We know how emotional starting school can be for little ones – and big ones – too, so MUMBLER (and primary school reception teacher) Caroline has written a fantastic blog about how to prepare your child for school.
“This is a topic that is very close to my heart for two reasons:
1) My eldest daughter started school last year and is about to go into year 1 (blub)
2) I am a primary school reception class teacher as well as Mumbler owner
I therefore couldn’t let August end without offering some words of advice for any parents who will be waving off their little ones on the first day of school in a couple of weeks. I know exactly how you feel – whether this is your first or last child starting reception, it is an emotional time and a huge milestone! Hopefully by now you have met your child’s teacher and have had some transition visits at the school or at home. You’re probably gathering together the last bits of uniform needed and mentioning the big day to your mini mumbler frequently in order to prepare them (and yourself). Over the next few weeks, there are a few things you can do to make their transition smooth and also give them the best possible start…
Develop their independence: dressing, putting shoes on, hanging clothes on pegs, eating independently, using the toilet independently, speaking to adults or other children to build their confidence
Make a point of walking or driving past the school and chat about how you’ll get there, where you’ll enter etc
Try on the uniform (including PE kit, coats, shoes etc)
Talk about the teachers by name and remind them of any transition activities / meetings they may have had
If it’s possible, meet up with any children you know who are going to be in their class for a play date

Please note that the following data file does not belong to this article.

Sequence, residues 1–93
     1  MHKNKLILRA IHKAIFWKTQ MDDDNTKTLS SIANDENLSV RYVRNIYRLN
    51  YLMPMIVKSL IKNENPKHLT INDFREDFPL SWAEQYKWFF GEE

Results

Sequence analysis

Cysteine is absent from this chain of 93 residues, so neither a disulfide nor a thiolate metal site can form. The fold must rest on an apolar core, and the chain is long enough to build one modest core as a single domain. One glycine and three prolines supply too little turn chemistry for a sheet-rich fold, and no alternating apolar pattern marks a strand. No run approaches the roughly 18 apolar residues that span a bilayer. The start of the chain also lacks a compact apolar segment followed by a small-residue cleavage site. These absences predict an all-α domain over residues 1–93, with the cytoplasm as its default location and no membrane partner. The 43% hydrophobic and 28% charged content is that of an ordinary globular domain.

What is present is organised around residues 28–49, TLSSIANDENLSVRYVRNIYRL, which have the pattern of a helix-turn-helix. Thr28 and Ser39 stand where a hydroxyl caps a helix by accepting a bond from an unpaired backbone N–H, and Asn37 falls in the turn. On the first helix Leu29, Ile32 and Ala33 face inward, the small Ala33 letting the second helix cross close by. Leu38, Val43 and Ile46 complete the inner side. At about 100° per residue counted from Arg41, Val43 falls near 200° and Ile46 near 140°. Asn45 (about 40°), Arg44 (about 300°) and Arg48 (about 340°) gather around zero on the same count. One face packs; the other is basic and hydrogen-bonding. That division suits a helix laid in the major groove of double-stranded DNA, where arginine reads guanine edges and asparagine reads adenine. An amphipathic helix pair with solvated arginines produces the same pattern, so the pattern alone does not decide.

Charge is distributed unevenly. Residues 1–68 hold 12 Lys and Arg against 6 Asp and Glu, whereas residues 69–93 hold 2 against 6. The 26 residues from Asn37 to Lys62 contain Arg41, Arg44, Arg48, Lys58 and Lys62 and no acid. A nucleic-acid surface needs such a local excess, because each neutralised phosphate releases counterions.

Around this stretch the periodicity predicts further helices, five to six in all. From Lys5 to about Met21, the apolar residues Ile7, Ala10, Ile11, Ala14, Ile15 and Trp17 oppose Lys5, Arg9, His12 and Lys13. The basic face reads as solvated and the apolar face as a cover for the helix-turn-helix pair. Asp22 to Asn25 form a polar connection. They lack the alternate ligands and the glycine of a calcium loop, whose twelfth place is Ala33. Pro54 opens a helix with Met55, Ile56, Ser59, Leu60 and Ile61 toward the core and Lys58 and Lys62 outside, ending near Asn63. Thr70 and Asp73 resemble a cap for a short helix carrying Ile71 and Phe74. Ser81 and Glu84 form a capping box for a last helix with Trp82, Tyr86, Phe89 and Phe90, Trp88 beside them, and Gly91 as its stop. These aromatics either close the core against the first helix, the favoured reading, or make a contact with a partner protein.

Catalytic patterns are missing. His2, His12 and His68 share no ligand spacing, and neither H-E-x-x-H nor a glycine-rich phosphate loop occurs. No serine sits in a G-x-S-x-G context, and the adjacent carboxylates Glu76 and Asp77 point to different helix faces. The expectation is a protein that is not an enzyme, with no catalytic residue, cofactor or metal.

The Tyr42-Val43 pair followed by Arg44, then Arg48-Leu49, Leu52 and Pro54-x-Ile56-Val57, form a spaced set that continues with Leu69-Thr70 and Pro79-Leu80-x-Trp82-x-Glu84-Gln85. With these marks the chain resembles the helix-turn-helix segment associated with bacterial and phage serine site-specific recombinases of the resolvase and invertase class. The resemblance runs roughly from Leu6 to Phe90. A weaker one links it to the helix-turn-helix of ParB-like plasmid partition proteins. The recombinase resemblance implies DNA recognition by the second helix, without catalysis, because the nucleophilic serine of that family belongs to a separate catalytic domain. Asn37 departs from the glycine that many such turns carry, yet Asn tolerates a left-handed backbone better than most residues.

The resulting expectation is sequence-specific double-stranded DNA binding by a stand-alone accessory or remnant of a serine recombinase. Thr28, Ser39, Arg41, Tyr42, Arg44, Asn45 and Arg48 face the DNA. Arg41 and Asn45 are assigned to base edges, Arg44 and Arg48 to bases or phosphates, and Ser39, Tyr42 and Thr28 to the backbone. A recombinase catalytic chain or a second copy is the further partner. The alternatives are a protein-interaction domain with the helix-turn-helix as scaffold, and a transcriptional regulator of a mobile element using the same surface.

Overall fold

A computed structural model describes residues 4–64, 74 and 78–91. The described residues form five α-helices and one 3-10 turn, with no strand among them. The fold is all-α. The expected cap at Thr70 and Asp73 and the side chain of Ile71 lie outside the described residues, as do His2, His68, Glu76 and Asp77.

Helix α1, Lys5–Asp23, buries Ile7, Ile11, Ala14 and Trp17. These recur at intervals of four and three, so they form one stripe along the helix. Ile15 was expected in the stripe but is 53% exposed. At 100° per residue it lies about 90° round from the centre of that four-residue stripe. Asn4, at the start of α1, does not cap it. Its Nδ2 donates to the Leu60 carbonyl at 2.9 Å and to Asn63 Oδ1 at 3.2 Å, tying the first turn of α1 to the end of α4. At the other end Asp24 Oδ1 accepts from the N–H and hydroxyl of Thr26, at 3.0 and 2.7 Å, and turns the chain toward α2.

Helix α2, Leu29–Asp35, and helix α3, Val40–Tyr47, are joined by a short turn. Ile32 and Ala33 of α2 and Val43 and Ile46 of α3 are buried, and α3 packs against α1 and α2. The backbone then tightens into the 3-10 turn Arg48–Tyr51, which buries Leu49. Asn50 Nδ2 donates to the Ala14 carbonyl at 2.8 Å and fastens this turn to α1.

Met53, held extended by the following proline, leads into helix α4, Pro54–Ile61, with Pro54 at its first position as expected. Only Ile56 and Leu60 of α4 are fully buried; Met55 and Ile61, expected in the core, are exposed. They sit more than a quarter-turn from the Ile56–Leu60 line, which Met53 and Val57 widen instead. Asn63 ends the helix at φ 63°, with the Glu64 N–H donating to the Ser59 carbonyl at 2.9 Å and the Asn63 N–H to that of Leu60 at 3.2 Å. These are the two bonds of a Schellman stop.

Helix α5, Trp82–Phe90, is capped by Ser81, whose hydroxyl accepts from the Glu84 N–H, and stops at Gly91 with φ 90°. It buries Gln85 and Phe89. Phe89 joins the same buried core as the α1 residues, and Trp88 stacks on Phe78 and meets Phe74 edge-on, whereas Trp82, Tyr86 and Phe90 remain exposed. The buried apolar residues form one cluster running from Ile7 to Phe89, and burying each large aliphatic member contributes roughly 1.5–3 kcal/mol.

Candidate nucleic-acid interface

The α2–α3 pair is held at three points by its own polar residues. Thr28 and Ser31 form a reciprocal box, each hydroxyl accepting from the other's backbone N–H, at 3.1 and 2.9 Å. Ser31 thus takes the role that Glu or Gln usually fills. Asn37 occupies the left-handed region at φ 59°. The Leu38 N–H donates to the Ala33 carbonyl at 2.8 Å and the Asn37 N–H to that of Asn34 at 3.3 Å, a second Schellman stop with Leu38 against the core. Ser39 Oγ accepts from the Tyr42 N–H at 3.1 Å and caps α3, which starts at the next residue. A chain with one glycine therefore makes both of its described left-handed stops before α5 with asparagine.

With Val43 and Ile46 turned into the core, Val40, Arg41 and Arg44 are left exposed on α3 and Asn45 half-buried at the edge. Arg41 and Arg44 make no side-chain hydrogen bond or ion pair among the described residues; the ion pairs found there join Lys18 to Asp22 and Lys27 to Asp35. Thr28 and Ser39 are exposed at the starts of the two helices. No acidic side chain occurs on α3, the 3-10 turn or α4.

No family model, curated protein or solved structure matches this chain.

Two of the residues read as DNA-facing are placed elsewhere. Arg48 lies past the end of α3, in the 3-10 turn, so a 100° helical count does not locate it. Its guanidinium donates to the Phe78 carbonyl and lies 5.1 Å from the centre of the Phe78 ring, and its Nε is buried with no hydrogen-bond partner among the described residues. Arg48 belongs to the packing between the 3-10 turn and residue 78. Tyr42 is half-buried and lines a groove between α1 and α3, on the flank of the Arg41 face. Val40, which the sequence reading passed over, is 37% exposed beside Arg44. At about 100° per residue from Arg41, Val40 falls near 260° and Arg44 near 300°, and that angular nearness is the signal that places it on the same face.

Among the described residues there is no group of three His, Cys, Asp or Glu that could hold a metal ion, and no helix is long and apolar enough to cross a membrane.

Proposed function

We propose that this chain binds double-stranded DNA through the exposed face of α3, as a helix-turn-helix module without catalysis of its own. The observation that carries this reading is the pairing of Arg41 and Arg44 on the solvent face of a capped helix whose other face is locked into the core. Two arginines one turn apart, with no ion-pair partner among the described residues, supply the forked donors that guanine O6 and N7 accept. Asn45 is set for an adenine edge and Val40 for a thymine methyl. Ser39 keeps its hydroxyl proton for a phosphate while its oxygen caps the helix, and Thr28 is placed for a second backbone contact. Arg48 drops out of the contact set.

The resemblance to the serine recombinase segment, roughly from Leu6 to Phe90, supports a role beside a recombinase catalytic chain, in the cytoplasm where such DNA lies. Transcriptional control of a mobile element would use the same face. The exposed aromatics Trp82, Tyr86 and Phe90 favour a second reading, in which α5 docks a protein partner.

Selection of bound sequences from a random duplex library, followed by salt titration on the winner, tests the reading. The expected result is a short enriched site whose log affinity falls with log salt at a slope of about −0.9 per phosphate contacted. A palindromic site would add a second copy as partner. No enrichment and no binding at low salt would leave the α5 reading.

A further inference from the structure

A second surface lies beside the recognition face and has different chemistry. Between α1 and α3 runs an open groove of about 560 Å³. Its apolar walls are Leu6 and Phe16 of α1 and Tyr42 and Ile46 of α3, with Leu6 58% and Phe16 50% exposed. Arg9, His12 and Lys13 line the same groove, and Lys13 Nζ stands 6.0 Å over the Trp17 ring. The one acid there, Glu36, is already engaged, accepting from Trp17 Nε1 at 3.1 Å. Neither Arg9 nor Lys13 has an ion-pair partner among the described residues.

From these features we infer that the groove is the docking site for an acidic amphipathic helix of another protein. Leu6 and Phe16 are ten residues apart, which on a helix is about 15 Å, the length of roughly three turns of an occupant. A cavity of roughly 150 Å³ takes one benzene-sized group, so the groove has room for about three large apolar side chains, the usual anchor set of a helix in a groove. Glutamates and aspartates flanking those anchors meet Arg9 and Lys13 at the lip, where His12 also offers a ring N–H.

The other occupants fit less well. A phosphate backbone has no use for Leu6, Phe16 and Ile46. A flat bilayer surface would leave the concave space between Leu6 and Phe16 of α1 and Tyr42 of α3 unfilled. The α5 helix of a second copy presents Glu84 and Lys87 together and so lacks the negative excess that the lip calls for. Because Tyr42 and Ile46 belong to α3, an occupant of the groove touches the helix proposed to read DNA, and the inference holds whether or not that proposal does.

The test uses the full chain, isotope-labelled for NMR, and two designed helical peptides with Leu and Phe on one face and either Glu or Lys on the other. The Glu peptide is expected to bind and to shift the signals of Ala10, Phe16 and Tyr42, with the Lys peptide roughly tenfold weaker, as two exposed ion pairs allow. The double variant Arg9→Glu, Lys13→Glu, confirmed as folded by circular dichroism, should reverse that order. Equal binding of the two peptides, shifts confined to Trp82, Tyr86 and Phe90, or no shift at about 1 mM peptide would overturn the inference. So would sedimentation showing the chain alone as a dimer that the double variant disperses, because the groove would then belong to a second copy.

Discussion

Label EVERYTHING! Seriously…everything. Then check it after a month or two to see if it is still labelled.
Prepare yourself for drop off.. Some children cry and I know from experience as a parent and teacher how awful this is but honestly, the best thing you can do is start as you mean to go on. I advise my parents to ‘kiss, cuddle and go’ – whether their little ones are crying or not. As teachers we have thousands of tricks up our sleeves for calming a crying child but we cannot implement these until parents have gone – 99% of the time children stop crying within minutes of their parents leaving and adapt far more quickly when they have been used to Mum, Dad or whoever it is leaving straight away. I can’t speak for all teachers but I always ensure that I call parents once their child has calmed down to reassure them that they are OK.
My final bullet point gets it’s own introduction because I cannot stress the importance of this one enough…
Read! Bedtime stories / anytime stories are hugely beneficial to your child’s early vocabulary, imagination, communication and understanding of the written word. In addition to this, reading ANYTHING with your child will further develop these skills. For example: fact books, magazines, newspapers, menus, shopping lists, signs
You will be absolutely amazed by how your child develops this year – they’ll learn to read, count, gain confidence, use wonderful vocabulary, tell you facts about things that you didn’t even know and hopefully, develop a love of learning – that’s the aim anyway. Doing all of the above will give them a super start but as the year goes on, it’s worth noting that the most successful pupils in school have lots of sleep, have limited ‘screen time’, are encouraged to be independent and experience play at home (outdoor play, model building, crafts, lego, baking etc).
Finally, I just want to say that your child is in good hands – trust in the teachers (I know it’s hard) and make sure you communicate any concerns you have. Your child is beginning their school journey – this needs to be a partnership between school and parents and any way that you can support the work that is happening in school will benefit your child.
I hope you’ve found something helpful from my ramblings and wish you and your mini mumblers all the best with the big day and beyond – brace yourselves… your child has never been as tired as they will be for the first term at school. It’s a painful seven weeks!